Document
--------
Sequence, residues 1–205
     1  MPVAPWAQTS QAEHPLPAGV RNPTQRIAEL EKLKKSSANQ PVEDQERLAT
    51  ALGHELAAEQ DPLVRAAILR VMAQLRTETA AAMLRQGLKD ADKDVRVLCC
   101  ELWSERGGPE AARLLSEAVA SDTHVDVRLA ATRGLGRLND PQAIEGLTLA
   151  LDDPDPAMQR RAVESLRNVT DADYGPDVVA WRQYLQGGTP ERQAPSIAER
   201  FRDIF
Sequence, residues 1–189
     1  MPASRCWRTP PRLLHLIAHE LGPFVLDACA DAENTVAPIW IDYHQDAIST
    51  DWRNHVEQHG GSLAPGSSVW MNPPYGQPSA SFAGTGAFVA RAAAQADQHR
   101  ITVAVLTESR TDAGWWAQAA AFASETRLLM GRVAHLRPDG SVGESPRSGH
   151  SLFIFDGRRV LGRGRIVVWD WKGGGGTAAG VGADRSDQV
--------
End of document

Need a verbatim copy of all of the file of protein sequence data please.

Sequence, residues 1–205
     1  MPVAPWAQTS QAEHPLPAGV RNPTQRIAEL EKLKKSSANQ PVEDQERLAT
    51  ALGHELAAEQ DPLVRAAILR VMAQLRTETA AAMLRQGLKD ADKDVRVLCC
   101  ELWSERGGPE AARLLSEAVA SDTHVDVRLA ATRGLGRLND PQAIEGLTLA
   151  LDDPDPAMQR RAVESLRNVT DADYGPDVVA WRQYLQGGTP ERQAPSIAER
   201  FRDIF
Sequence, residues 1–189
     1  MPASRCWRTP PRLLHLIAHE LGPFVLDACA DAENTVAPIW IDYHQDAIST
    51  DWRNHVEQHG GSLAPGSSVW MNPPYGQPSA SFAGTGAFVA RAAAQADQHR
   101  ITVAVLTESR TDAGWWAQAA AFASETRLLM GRVAHLRPDG SVGESPRSGH
   151  SLFIFDGRRV LGRGRIVVWD WKGGGGTAAG VGADRSDQV